A scalpel biopsy means cutting out a small piece of tissue from the affected area. Your doctor will inject some local anaesthetic into the area to numb it. Then the doctor cuts round the biopsy area, gently lifts the piece of tissue using a pair of tweezers and cuts it off. This is uncomfortable but only lasts a short time. For many people, the most uncomfortable part is the local anaesthetic injection

Nasoendoscopy

A nasoendoscopy (sometimes spelt nasendoscopy) or laryngoscopy allows your specialist to look at all your upper air passages. This includes the back of your throat (the pharynx).

The specialist passes a narrow, flexible telescope (a nasoendoscope) up your nose and down your throat. It can be a bit uncomfortable, so your doctor may use an anaesthetic spray to numb your throat first. But if you have the anaesthetic spray you can’t eat or drink until it wears off so you may choose not to have it. If the specialist sees any abnormal area in your throat, they will need to take a biopsy from that area.

Fine needle aspiration

Fine needle aspiration is also called FNA. If your doctor can feel a lump in your neck, you may need to have a fine needle aspiration. This means putting a thin needle into the lump. The specialist will first feel the lump, so that they know where to put the needle. Once the needle is in the lump, the doctor draws out cells and fluid. The doctor sends the cells to the laboratory, where a specialist called a pathologist examines them to see if they are cancerous.

Your doctor may also use a fine needle biopsy to see if the cancer has spread to the lymph nodes in your neck. The doctor puts the needle into one of the large lymph nodes and draws out fluid and cells for testing.

Panendoscopy

Your doctor may ask you to go into hospital to have a panendoscopy. This is usually if they can’t get a good view using the mirror or nasoendoscope, or if they see something abnormal and need to take a biopsy. The nasoendoscope is too fine to use for a biopsy. But a panendoscope is thicker so your specialist can use it to remove a sample of the affected tissue. A panendoscope is a series of connected tubes that a head and neck surgeon uses to look at your upper airways. There is a camera and light at one end, and an eyepiece at the other.

You have this test while you are under general anaesthetic. The doctor gently puts the panendoscope up your nose and down into your throat. They will look at all parts of your pharynx, as well as the larynx (voice box), food pipe (oesophagus), windpipe (trachea) and breathing tubes (bronchi). This is because people with mouth and oropharyngeal cancers are at a greater risk of developing cancers in other areas of the head and neck.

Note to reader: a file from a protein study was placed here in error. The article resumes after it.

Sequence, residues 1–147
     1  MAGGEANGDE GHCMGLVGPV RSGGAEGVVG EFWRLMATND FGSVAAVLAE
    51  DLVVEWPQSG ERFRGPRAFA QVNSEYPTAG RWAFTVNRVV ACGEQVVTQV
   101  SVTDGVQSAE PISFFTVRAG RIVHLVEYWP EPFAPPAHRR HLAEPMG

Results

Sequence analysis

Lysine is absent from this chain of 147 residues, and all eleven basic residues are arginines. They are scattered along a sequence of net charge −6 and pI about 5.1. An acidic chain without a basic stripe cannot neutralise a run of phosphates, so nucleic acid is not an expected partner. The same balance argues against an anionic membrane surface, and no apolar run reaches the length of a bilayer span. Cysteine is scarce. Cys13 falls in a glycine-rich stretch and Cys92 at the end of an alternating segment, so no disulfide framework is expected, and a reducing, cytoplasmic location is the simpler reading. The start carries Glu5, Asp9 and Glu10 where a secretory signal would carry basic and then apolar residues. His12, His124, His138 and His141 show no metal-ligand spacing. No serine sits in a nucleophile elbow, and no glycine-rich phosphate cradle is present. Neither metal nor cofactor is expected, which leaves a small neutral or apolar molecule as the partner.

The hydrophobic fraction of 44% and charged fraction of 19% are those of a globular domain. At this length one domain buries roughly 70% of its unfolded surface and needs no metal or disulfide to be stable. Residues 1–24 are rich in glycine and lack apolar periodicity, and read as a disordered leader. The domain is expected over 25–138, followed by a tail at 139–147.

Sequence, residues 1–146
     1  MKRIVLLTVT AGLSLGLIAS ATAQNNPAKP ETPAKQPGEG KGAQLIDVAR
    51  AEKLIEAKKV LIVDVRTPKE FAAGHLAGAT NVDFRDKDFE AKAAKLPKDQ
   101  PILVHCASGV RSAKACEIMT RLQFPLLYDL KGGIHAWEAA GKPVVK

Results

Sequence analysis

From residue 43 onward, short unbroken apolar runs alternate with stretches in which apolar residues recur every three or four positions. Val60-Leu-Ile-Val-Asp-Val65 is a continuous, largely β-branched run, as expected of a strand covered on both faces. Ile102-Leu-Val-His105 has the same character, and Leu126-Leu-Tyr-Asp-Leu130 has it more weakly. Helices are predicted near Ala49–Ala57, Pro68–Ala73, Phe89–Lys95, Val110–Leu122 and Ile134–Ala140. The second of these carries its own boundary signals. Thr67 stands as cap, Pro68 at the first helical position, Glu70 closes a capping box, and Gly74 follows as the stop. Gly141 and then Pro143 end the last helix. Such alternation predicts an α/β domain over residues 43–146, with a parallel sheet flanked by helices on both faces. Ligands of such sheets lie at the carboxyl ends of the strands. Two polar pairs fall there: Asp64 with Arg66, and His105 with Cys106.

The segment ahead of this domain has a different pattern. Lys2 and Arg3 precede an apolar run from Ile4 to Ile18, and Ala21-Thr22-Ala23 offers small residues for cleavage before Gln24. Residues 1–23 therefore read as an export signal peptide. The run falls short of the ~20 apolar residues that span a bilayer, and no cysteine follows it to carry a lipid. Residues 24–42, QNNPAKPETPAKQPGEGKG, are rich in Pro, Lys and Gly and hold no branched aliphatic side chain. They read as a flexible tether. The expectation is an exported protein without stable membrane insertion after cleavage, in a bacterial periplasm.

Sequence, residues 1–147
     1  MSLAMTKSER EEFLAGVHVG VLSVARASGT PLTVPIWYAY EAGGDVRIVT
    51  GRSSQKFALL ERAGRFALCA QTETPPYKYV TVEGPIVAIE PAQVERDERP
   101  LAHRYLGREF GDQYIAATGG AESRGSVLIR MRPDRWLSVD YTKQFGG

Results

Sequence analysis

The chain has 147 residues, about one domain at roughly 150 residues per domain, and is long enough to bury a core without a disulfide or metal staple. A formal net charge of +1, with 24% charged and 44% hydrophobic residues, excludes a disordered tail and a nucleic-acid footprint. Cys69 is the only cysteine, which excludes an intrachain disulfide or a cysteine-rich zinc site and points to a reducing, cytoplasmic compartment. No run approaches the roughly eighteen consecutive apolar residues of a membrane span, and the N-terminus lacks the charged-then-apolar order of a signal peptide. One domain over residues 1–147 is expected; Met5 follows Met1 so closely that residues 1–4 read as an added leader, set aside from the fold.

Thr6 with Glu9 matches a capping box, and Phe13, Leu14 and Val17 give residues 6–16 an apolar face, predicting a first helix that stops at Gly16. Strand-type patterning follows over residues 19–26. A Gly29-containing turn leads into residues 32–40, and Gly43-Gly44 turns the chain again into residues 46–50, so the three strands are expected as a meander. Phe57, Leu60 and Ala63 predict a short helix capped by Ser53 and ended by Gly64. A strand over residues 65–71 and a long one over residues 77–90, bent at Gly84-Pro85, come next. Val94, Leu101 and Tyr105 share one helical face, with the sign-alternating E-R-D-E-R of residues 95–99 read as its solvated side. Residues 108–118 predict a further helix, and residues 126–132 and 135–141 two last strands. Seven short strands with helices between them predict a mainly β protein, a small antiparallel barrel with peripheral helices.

Chest X-ray

You need to have a routine chest X-ray if you are going to have surgery under general anaesthetic

CT scan

MRI scan

Orthopantomogram (OPG or OPT)

This type of X-ray takes pictures of the area around the upper jawbone (maxilla) and lower jawbone (mandible) and the surrounding area. It can pick up any signs of cancer in and around these bones. It is also a useful way of seeing if you need any dental work done before treatment starts. Your doctor may call this test a Panorex scan

PET-CT Scan

Barium swallow

A barium swallow is a type of X-ray investigation. This is not a very common test but you may have it if you are having difficulty swallowing solid food.
You swallow a liquid that contains barium. Barium shows up the outline of the inside of the digestive system very clearly on X-ray

Treatment of Oral Cancer

Oral cancer treatment may include surgery, radiation therapy, or chemotherapy. Some patients have a combination of treatments.
At any stage of disease, people with oral cancer may have treatment to control pain and other symptoms, to relieve the side effects of therapy, and to ease emotional and practical problems. This kind of treatment is called supportive care, symptom management, or palliative care

Surgery

Surgery to remove the tumor in the mouth or throat is a common treatment for oral cancer. Sometimes the surgeon also removes lymph nodes in the neck. Other tissues in the mouth and neck may be removed as well. Patients may have surgery alone or in combination with radiation therapy.

Non-surgical Treatments

Radiation therapy

Radiation therapy (also called radiotherapy) is a type of local therapy. It affects cells only in the treated area. Radiation therapy is used alone for small tumors or for patients who cannot have surgery. It may be used before surgery to kill cancer cells and shrink the tumor. It also may be used after surgery to destroy cancer cells that may remain in the area

Chemotherapy

Chemotherapy uses anticancer drugs to kill cancer cells. It is called systemic therapy because it enters the bloodstream and can affect cancer cells throughout the body. A new targeted therapy called cetuximab, which blocks a growth factor upon which cancer cells may depend, is being used today, either alone or in combination with radiation and older chemotherapy drugs.
Chemotherapy is usually given by injection

Biological Therapy:

Biological therapy is treatment designed to stimulate or restore the ability of the body’s immune (natural internal defense) system to fight infection and disease. Biological therapy is also called biotherapy or immunotherapy. Biological therapies are treatments that act on processes in cells. They may

  • Stop cancer cells from dividing and growing
  • Seek out cancer cells and kill them
  • Encourage the immune system to attack cancer cells

There are many different types of biological therapy and they may be called

  • Biological Response Modifiers (BRMs)
  • Biologic agents or biologics
  • Targeted therapies
  • Immunotherapy